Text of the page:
Truth and Reconciliation and Philanthropy, AFP Inclusive Giving Fellow perspective

The Truth and Reconciliation Commission of Canada over a six year period heard testimony from over 6,000 Residential School Survivors from across Canada. In 2015, the Commission released their final reports and 94 calls to action. It is estimated that 150,000 Indigenous children attended the 80 residential schools in Canada. My mother as a young child was forcibly removed from her community and placed in residential school until she was 16. She passed at the age of 49 and I know that she had never fully recovered from her experiences of residential school. Although my family has been directly impacted by the legacy of residential school, we are still strong and resilient. I see this strength and resiliency in Indigenous communities all across Canada.


Left to right: Ry Moran, NCTR Director, Sharon Redsky, AFP Inclusive Giving Fellow, Joan Blight, Strategic Philanthropy and Laver Simard, NCTR Project Manager.


I do believe that the truth about Canada’s history with Indigenous people is important to share and we all have a role in reconciliation, including the philanthropic sector. As stated in the Honouring the Truth Final report, that reconciliation must inspire Indigenous and non-Indigenous peoples to transform Canadian society so that our children and grandchildren can live together in dignity, peace, and prosperity on these lands we now share.

As an AFP Inclusive Giving Fellow, my goal is to encourage the philanthropic sector to support Truth and Reconciliation calls to action and build a better future for the generations to come. I am encouraged by other AFP fellow members, who have shared with me what their organizations are doing to respond to the TRC’s calls to action.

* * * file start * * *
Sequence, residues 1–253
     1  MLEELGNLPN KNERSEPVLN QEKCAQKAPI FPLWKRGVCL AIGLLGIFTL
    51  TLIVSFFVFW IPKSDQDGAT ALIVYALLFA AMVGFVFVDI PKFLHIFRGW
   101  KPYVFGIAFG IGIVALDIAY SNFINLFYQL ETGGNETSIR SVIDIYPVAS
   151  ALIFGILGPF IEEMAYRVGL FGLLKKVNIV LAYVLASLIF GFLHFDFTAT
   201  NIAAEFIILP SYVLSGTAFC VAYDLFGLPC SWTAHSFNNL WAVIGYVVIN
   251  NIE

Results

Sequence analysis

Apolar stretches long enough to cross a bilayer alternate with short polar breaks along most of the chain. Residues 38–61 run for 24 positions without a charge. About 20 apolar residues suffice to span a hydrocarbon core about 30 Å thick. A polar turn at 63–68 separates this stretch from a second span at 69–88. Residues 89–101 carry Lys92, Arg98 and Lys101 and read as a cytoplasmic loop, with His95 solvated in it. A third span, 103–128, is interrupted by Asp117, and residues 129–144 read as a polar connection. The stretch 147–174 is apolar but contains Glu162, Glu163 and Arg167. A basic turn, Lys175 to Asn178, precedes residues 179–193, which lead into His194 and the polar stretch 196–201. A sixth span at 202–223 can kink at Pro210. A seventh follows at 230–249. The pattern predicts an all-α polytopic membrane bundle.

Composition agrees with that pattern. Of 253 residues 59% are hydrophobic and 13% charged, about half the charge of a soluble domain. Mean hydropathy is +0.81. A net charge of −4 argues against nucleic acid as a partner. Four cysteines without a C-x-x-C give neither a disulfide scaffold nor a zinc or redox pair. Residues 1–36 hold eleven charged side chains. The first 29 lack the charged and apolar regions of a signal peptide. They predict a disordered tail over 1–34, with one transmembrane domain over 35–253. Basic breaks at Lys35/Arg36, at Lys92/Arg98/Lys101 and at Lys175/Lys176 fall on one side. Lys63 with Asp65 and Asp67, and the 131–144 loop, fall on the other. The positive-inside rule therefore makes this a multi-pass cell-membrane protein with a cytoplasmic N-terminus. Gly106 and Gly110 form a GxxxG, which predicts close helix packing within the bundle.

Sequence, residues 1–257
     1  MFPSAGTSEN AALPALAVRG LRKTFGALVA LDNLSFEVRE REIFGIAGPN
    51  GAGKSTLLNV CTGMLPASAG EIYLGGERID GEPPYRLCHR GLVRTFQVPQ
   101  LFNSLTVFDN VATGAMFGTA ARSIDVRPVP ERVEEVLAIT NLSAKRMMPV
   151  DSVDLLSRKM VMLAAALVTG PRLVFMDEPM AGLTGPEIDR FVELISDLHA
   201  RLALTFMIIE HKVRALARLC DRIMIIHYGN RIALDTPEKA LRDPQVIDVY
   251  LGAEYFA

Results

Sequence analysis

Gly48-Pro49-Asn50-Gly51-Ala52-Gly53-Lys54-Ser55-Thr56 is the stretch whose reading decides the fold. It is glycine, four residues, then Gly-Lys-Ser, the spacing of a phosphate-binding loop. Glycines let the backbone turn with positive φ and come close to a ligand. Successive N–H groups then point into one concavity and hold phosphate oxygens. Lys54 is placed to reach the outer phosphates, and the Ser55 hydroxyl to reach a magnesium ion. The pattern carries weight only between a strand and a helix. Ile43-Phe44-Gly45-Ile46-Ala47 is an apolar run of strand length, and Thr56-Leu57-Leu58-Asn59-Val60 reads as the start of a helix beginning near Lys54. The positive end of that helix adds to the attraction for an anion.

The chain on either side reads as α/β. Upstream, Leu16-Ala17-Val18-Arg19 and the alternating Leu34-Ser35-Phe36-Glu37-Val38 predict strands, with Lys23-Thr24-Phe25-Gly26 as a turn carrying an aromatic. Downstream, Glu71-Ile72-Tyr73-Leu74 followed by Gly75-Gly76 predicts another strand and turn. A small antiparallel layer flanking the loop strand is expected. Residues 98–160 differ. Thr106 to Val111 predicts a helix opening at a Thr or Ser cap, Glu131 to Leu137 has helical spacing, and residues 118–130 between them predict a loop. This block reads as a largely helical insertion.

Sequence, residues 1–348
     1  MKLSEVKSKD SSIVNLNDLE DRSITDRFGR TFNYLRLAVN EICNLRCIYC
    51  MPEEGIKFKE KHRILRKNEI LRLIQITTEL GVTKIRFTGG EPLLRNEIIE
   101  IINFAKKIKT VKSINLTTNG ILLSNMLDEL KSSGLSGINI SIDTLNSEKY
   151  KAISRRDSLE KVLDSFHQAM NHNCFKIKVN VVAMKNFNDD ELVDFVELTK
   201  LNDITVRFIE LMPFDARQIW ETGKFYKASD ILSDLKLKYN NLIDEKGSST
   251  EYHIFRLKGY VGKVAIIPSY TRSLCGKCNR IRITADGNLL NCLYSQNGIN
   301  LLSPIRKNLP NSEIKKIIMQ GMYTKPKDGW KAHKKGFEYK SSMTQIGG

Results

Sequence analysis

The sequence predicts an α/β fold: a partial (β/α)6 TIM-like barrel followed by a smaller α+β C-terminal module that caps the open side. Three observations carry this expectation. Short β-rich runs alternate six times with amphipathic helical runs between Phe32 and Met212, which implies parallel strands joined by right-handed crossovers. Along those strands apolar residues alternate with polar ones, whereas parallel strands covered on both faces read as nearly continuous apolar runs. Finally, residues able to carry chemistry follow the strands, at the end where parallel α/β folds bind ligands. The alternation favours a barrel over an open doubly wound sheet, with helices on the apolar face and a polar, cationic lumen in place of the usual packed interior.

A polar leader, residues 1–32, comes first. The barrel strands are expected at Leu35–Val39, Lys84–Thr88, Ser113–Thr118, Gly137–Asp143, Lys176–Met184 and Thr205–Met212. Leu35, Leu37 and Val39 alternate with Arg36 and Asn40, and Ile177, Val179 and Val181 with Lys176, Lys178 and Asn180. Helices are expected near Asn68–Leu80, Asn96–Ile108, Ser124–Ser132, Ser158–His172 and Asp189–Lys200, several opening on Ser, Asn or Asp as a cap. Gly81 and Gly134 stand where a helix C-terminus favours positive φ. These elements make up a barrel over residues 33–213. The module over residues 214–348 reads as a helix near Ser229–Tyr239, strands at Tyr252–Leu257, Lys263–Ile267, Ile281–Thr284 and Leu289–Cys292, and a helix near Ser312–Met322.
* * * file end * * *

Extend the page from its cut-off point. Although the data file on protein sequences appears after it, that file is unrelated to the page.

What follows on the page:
Wondering what you can do, here are a few suggestions. Be an ally with Indigenous people in addressing inequalities and create spaces for voices to be heard, provide resources or help fundraise for Indigenous led initiatives, and promote the work of Indigenous agencies. Another other way to support the Truth and Reconciliation is to financially support the National Truth and Reconciliation Centre, which was created to preserve the memory of Canada’s Residential School system and legacy. Not just for a few years, but forever.

I had the pleasure to visit the NTRC, along with my AFP mentor Joan Blight. We met with Ry Moran, Director and Laver Simard, Project Manager. I learned so much about rich history, the sacred reasonability to hold onto the truth and their vision the future. As I travel this journey, I will continue to learn and be inspired by spirit and intent of the Truth and Reconciliation.

Sharon Redsky is AFP Inclusive Giving Fellow and development coordinator with Dakota Ojibway Child and Family Services.